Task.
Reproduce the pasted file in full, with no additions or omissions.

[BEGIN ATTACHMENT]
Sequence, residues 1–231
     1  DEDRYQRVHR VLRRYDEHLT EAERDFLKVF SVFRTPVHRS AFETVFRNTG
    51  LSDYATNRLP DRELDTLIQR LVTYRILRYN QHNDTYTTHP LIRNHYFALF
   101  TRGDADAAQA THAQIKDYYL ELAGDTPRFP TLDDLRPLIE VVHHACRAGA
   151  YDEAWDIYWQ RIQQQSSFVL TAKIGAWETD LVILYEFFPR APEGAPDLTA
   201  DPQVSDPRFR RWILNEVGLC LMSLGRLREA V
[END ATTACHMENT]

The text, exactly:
Sequence, residues 1–231
     1  DEDRYQRVHR VLRRYDEHLT EAERDFLKVF SVFRTPVHRS AFETVFRNTG
    51  LSDYATNRLP DRELDTLIQR LVTYRILRYN QHNDTYTTHP LIRNHYFALF
   101  TRGDADAAQA THAQIKDYYL ELAGDTPRFP TLDDLRPLIE VVHHACRAGA
   151  YDEAWDIYWQ RIQQQSSFVL TAKIGAWETD LVILYEFFPR APEGAPDLTA
   201  DPQVSDPRFR RWILNEVGLC LMSLGRLREA V